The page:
The teacher claims her First Amendment rights were violated
A teacher at a Catholic school in South Carolina whose contract was not renewed because of her posts on Facebook in support of abortion rights is now suing the school, claiming that her First Amendment rights have been violated.
According to the July 8 lawsuit, Elizabeth Cox taught at Bishop England High School in Charleston for 16 years before being informed at the end of the last school year, June 7, that her contract would not be renewed.
Cox had shared on Facebook several posts and links expressing pro-choice views, while at the same time listing the Catholic school publicly as her employer.
According to ABC News 4, included among Cox’s social media posts were a quotation from feminist activist Gloria Steinem asserting gun purchasers should be subjected to rigorous screenings similar to those of women seeking abortions, and an unattributed quotation casting suspicion on pro-life claims of people who do not also support gun bans, free healthcare, and other political causes ostensibly meant to protect and improve quality of life.
Another post includes a link to a Washington Post news story, without comment from the teacher, with the headline “Leslie Jones leads the charge against Alabama’s abortion ban in the SNL season finale,” the Charlotte Observer reports.
The Catholic Church has consistently condemned direct abortion, the intentional taking of an innocent human life, as a grave moral evil, and has upheld the sanctity of the life of the unborn child.
Teachers accepting jobs at Bishop England sign contracts agreeing to speak publicly and to act in accordance with Catholic beliefs, regardless of whether they are Catholic, to aid in the “intellectual and spiritual development of students according to the teachings of Jesus Christ and the Roman Catholic Church.” A copy of the contract is included in the lawsuit.
“When we confronted you with the post, you admitted to it and, moreover, reacted in a manner leading us to conclude you would not do so differently in the future,” Bishop England principal Patrick Finneran is quoted as saying in Cox’s termination letter.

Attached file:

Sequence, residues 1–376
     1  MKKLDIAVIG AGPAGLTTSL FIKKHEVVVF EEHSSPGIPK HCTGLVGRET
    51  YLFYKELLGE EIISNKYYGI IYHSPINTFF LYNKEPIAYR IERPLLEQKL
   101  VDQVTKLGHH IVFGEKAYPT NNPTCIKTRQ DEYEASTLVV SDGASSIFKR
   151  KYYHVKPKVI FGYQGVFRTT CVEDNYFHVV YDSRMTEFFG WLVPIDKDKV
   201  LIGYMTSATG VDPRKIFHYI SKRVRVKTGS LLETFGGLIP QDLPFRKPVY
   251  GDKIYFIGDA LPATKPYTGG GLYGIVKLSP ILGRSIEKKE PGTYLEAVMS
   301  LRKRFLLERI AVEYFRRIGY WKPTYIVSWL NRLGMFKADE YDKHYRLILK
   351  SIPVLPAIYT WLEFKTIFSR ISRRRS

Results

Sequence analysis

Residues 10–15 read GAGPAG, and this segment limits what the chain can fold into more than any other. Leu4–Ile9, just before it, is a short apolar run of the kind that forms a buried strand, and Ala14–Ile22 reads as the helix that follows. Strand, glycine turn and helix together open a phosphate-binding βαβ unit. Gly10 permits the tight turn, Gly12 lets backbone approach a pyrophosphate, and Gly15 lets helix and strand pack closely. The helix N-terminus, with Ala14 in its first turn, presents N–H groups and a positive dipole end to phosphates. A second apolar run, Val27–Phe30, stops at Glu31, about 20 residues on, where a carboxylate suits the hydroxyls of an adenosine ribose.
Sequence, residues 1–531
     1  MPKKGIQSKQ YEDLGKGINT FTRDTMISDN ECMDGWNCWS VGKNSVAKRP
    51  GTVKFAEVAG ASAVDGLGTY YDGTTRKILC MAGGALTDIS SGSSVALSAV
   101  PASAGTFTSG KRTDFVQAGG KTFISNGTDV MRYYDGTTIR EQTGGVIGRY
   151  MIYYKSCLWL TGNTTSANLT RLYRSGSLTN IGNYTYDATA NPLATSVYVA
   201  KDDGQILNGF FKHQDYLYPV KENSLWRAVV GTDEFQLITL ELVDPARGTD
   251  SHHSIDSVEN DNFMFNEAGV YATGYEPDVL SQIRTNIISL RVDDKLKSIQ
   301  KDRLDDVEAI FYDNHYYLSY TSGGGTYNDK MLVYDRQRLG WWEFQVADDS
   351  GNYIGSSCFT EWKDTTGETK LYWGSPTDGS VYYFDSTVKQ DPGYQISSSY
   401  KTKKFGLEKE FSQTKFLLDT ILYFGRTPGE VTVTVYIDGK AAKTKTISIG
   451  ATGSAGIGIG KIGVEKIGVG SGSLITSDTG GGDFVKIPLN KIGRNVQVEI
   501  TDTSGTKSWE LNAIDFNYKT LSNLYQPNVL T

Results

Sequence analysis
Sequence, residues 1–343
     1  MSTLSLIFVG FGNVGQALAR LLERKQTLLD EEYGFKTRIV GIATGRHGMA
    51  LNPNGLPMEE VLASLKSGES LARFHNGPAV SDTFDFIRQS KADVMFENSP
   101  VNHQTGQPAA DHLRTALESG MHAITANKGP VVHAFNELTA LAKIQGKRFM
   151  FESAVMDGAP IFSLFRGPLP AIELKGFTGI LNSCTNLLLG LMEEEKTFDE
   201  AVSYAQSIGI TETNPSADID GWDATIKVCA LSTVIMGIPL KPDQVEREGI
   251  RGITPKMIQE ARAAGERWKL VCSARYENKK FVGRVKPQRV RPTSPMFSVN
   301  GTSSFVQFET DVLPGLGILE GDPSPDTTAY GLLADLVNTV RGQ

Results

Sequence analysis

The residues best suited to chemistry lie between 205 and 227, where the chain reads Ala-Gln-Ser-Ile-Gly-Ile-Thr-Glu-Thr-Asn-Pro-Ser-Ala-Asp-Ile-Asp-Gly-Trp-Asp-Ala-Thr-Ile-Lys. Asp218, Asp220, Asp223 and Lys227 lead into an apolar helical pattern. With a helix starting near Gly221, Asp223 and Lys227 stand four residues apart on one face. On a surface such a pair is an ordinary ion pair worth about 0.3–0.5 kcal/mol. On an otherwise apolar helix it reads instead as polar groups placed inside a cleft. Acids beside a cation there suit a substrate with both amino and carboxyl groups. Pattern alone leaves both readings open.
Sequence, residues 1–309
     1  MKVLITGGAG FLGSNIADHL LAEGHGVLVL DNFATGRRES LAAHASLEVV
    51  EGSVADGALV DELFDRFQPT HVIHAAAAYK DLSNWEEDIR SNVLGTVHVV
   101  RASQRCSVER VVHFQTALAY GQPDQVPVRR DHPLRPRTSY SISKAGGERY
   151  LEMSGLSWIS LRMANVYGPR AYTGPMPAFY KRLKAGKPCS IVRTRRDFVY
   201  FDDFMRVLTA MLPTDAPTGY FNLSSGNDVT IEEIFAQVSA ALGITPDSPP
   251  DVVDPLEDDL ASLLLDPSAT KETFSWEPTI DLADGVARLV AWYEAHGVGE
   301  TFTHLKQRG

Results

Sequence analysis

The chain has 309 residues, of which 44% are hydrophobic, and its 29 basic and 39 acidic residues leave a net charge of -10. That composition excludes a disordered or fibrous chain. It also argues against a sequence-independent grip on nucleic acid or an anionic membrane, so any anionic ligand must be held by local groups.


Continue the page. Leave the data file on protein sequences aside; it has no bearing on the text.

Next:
“Parents send their children to [Bishop England] expressly because they want a Catholic teaching and upbringing. Your public expression of disagreement with Catholic values undermines that.”
The Diocese of Charleston is not named in the suit, but the school, Principal Finneran, and four additional people Cox believes to be involved in her firing are, ABC 4News reports.
In her lawsuit, Cox contends that her firing “violates political rights and privileges of free speech guaranteed by the United States Constitution and/or the Constitution of the State of South Carolina.” She also argues that her firing violates South Carolina law prohibiting the firing of employees for expressing political opinions.
Cox is seeking a monetary award as well as reinstatement as a teacher at Bishop England. The school has 30 days to respond to the lawsuit.
“Officials with the Catholic Diocese of Charleston and Bishop England High School have received notice of the complaint that was filed on July 8. We will review and file a response to the lawsuit with the court in due time,” diocesan spokesperson Maria Aselage said in a statement to CNA.
Several other cases of teachers being fired for failing publicly to uphold Catholic teaching are ongoing in the US.
This week, a teacher at a Catholic school in Indianapolis whose contract was terminated due to his same-sex marriage announced he is suing the Archdiocese of Indianapolis, one day after reaching a settlement with the school.
In 2012, the U.S. Supreme Court ruled unanimously in Hosanna-Tabor Evangelical Lutheran Church and School v. EEOC that government cannot interfere with religious institutions’ hiring and firing decisions regarding employees whom they consider to be ministers.